The severe allergic reactions are believed to be caused by the chemical solvent used to dissolve some chemo drugs before they can be injected into the blood stream. Two of the women who died from an allergic reaction had early-stage breast cancer, which had already been surgically removed. They were being subjected to the Cremophor-containing paclitaxel to supposedly keep the cancer from returning.

Although both of these patients were given additional drugs before the chemotherapy to reduce the risk of hypersensitivity reactions, they still died. In fact, RADAR researchers found that 22 percent of all the deaths from the chemo drug occurred in patients who had been pre-treated with medications to prevent hypersensitivity reactions. Another 15 percent of these chemo patients experienced life-threatening respiratory arrest.

“The deaths of women with early-stage breast cancer are particularly disturbing because without the adverse reaction, they could have likely had 40 years of life ahead of them,” study leader Charles Bennett, M.D., RADAR program coordinator and a professor of hematology/oncology at Northwestern’s Feinberg School, stated in a media release.

“Patients receiving Cremophor-based paclitaxel should be given medications to prevent hypersensitivity reactions, but what is sobering, as the study has shown and as the black-box warning indicates, women suffer anaphylaxis despite receiving steroid premedication,” he added. “Physicians may also want to consider exploring other alternative chemotherapy options that do not include Cremophor.”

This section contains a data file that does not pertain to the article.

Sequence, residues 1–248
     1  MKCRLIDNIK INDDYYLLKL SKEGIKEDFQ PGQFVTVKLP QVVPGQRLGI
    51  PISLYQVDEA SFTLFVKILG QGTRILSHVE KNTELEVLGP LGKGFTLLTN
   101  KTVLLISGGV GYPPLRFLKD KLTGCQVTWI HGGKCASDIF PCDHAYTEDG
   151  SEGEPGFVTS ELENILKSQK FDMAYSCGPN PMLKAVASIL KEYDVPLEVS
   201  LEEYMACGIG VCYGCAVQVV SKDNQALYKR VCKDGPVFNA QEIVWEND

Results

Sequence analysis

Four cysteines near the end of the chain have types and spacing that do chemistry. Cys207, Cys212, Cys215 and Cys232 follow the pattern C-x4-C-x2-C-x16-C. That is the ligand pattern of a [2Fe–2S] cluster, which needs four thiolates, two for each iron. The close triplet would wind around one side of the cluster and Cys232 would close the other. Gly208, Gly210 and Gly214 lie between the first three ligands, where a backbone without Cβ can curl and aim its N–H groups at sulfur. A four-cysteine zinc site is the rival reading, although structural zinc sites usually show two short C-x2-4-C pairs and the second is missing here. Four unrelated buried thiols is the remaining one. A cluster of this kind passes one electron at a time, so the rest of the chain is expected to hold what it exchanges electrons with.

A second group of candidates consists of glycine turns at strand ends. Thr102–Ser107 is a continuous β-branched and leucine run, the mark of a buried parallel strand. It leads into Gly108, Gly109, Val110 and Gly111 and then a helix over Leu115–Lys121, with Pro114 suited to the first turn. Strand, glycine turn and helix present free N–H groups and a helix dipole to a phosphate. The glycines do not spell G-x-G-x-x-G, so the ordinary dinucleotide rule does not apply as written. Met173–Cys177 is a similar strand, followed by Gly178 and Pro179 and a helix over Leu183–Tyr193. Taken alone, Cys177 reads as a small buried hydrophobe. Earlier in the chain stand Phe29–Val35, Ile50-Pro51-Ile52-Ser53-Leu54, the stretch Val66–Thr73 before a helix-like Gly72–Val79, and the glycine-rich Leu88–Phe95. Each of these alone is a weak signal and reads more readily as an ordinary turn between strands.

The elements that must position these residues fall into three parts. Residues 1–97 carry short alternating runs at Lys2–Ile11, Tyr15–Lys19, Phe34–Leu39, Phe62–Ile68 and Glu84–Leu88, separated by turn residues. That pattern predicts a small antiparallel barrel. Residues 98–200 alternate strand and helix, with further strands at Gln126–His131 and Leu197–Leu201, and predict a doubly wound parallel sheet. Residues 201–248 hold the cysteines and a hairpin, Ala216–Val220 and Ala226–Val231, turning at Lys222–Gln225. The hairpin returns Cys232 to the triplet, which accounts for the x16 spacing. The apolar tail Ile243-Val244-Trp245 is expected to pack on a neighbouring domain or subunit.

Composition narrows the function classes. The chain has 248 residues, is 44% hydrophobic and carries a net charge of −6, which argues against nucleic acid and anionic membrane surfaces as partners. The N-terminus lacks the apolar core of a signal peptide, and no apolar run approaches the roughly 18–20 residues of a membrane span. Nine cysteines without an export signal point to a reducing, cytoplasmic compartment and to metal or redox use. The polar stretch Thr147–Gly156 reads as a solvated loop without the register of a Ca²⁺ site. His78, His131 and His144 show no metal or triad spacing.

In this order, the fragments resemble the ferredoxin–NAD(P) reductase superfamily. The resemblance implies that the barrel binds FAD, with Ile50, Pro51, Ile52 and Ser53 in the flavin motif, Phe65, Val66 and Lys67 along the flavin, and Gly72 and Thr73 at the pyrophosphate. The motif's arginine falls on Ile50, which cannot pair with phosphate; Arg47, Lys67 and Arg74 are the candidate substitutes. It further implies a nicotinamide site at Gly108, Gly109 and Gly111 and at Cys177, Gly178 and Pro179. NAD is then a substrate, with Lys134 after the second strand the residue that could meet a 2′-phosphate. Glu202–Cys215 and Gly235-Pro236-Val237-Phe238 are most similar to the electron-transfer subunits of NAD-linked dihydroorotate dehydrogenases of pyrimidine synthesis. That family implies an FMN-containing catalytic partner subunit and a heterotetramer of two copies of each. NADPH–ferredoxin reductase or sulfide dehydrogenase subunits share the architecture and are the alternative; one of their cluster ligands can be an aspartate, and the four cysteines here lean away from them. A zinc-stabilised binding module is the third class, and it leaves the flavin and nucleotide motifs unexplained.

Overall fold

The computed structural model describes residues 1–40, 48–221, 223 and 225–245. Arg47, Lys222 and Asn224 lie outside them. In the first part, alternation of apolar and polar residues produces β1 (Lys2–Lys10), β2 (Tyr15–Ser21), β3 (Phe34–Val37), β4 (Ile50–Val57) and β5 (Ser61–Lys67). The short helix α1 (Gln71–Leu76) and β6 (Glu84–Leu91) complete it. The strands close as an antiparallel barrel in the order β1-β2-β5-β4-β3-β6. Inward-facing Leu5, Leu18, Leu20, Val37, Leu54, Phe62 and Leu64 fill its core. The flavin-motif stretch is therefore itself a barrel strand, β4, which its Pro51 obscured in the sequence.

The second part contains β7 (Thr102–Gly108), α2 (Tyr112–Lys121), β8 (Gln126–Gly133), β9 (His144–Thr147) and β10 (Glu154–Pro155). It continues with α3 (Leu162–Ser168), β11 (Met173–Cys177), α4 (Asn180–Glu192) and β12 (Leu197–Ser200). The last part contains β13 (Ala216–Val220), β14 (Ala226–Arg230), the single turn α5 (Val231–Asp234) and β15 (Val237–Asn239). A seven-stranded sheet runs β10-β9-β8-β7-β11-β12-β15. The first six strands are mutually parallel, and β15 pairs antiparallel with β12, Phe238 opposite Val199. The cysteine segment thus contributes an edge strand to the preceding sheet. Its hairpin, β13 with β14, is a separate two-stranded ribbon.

Cremophor-containing paclitaxel has been associated with a wide range of hypersensitivity reactions, ranging from mild skin irritations to cardiac collapse. “The results of our review suggest that physicians should be vigilant in monitoring the safety of their patients undergoing chemotherapy treatment,” said Dr. Bennett, who also is the A.C. Buehler Professor in Economics and Aging at the Feinberg School and a member of the Robert H. Lurie Comprehensive Cancer Center of Northwestern University.

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Author: H. Sandra Chevalier-Batik

I started the Inconvenient Woman Blog in 2007, and am the product of a long line of inconvenient women. The matriarchal line is French-Canadian, Roman Catholic, with a very feisty Irish great-grandmother thrown in for sheer bloody mindedness. I am a research analyst and author who has made her living studying technical data, and developing articles, training materials, books and web content. Tracking through statistical data, and oblique cross-references to find the relevant connections that identifies a problem, or explains a path of action, is my passion. I love clearly delineating the magic questions of knowledge: Who, What, Why, When, Where and for How Much, Paid to Whom. My life lessons: listen carefully, question with boldness, and personally verify the answers. I look at America through the appreciative eyes of an immigrant, and an amateur historian; the popular and political culture is a ceaseless fascination. I have no impressive initials after my name. I’m merely an observer and a chronicler, an inconvenient woman who asks questions, and sometimes encourages others to look at things differently.